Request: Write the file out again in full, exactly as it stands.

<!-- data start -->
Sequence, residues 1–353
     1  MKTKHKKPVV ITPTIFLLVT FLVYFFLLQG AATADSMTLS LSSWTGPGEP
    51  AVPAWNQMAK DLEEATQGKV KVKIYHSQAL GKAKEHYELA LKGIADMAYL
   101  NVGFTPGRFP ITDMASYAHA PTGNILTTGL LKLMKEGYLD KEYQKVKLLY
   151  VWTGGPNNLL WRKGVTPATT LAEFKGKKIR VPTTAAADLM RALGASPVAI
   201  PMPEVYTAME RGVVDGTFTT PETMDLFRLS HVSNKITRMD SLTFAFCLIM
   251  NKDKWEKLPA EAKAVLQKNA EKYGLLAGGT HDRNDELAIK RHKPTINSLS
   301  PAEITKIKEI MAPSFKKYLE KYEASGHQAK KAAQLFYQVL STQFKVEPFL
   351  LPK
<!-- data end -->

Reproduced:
Sequence, residues 1–353
     1  MKTKHKKPVV ITPTIFLLVT FLVYFFLLQG AATADSMTLS LSSWTGPGEP
    51  AVPAWNQMAK DLEEATQGKV KVKIYHSQAL GKAKEHYELA LKGIADMAYL
   101  NVGFTPGRFP ITDMASYAHA PTGNILTTGL LKLMKEGYLD KEYQKVKLLY
   151  VWTGGPNNLL WRKGVTPATT LAEFKGKKIR VPTTAAADLM RALGASPVAI
   201  PMPEVYTAME RGVVDGTFTT PETMDLFRLS HVSNKITRMD SLTFAFCLIM
   251  NKDKWEKLPA EAKAVLQKNA EKYGLLAGGT HDRNDELAIK RHKPTINSLS
   301  PAEITKIKEI MAPSFKKYLE KYEASGHQAK KAAQLFYQVL STQFKVEPFL
   351  LPK